If you're thinking of trying to sell the footage you've shot you'll need a good prosumer camera (something like an XL-1 or DVX100) and it probably wouldn't hurt to have a way to do a quality xfer of the footage to a more pro format like BetaSP or DigiBeta. Saying, "Hey, I've got some footage of event X for sale on BetaSP" sounds a lot better than saying, "Hey, I've got some footage of event X for sale on MiniDV." And the footage has got to look pro, not amateur (this has more to do w/the operator than the camera).

    You'll also need to invest in good mics (I'd suggest a good shotgun mic for general purpose use and good lav mic for interviews) and lighting equipment. Lighting makes a huge (h-u-g-e) difference in the production quality of your piece.

    Also, check out the forums at especially the "Taking Care of Business" forum (towards the bottom) that deals w/business/legal issues.

  5. Danksi thread starter macrumors 68000


    Oct 3, 2005
    Nelson, BC. Canada
    Thanks Lethal, great advice, as I've seen from you in previous posts.

    I'm definitely all for starting with shorter, 'easier' to handle projects, working my way up from there.

    I've been scouring the local events calendars for the next few weeks and I'm planning some ad-hoc filming, for practise more than anything. I'll have to get out there and speak to the local news/cable shows as well, to see if they'd be interested in my covering these events, perhaps offering free assistance if they have them covered. I'm sure they must get a lot of interest from the local media school students based here in town.

    I know my aging JVC DVP7 miniDV is not going to cut it with 'selling footage', unless it's a REAL newsbreaker or something similar (even cell phone movies can be used in that situation).

    I was considering the DVX100; luckily a local film group rents them out by the day, so assuming I can get a rental consistently this spring/summer, that could be a good way of getting decent footage and again, practise.

    I was also interested in the new 'HD' camera's coming out, particularly the new Panasonic AG-HVX200. This may well be complete overkill for my needs just yet. At the other end of the scale, there's the Sony HDR-HC1 - any thoughts? :)
  6. octoberdeath macrumors regular


    Feb 22, 2005
    i have also looked at the Panasonic AG-HVX200. it looks like such a sweet camera. the only thing though is from what i can tell you can only use the DV tape for recording DV footage, everything else: DVCPRO HD, DVCPRO 50, DVCPRO/DV has to be recorded on the P2 cards. and the last time i checked those things will run you $760.00 for the 4GB card & $1,640.00 for the 8GB card. of course over time those prices will decrease and i have heard that they will be releasing 16GB cards sometime in the near future. i would love to lay down enough coin for two of these and 6 8GB P2 cards but that would roughly cost me $21,900 (something like that).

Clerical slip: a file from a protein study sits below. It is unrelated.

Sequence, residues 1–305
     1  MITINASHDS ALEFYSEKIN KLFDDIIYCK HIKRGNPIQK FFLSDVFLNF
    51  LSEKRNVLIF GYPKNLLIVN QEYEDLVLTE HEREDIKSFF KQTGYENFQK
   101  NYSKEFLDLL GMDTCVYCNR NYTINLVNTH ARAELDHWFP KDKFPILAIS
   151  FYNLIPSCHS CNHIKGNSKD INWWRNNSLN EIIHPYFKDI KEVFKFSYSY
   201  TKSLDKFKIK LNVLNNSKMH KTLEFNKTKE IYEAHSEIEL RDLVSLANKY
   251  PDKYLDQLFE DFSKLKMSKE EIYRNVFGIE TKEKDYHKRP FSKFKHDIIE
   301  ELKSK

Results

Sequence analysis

7. aloofman macrumors 68020


    Dec 17, 2002
    I don't have a specific camera recommendation, but some general tips:

    - Make sure it's a camera with as many manual controls as possible. Even though you won't always use them, you have to know how to adjust everything yourself for given conditions.

    - Invest in a good tripod, one with a fluid head if possible. A good tripod is often the difference between unuseable footage and broadcast-worthy material.

    - Even if you buy a camcorder online, test it out somewhere in person first. It's really important that you try the features yourself and see if the controls are comfortable and easy to use. Lie to the salesguy and leave him hanging at the last minute if you have to.

    - Many miniDV cameras don't have analog input because the OEMs don't want you to use it as an analog-to-digital converter. They want to sell you that separately.

    - There's quite a learning curve here to shoot and edit footage into something compelling and watchable. Remember that even seasoned pros will easily shoot 10X more footage than they end up using. Shoot the same footage from multiple angles, framings, styles, even if you're not sure if you'll use it. You never know what you'll end up wanting or needing. And have a good plan about what your final product will be. Since you'll be editing it too, shoot with your editing options in mind.

    - And maybe most of all, this is a really competitive business, especially now that decent cameras and editing software is so cheap. Don't be surprised if you find that a dozen other people in your area are trying the exact same thing as you. If you really enjoy doing it and care about doing it well, you'll stand out among the others. It will take some time.